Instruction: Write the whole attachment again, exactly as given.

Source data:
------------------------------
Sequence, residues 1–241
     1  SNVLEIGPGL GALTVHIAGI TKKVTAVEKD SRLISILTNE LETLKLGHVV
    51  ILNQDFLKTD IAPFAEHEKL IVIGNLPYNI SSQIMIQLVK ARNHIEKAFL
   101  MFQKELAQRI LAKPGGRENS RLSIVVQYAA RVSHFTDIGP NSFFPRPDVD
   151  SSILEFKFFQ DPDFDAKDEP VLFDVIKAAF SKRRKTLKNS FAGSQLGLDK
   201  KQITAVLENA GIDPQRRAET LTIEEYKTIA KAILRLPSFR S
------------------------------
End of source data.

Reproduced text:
Sequence, residues 1–241
     1  SNVLEIGPGL GALTVHIAGI TKKVTAVEKD SRLISILTNE LETLKLGHVV
    51  ILNQDFLKTD IAPFAEHEKL IVIGNLPYNI SSQIMIQLVK ARNHIEKAFL
   101  MFQKELAQRI LAKPGGRENS RLSIVVQYAA RVSHFTDIGP NSFFPRPDVD
   151  SSILEFKFFQ DPDFDAKDEP VLFDVIKAAF SKRRKTLKNS FAGSQLGLDK
   201  KQITAVLENA GIDPQRRAET LTIEEYKTIA KAILRLPSFR S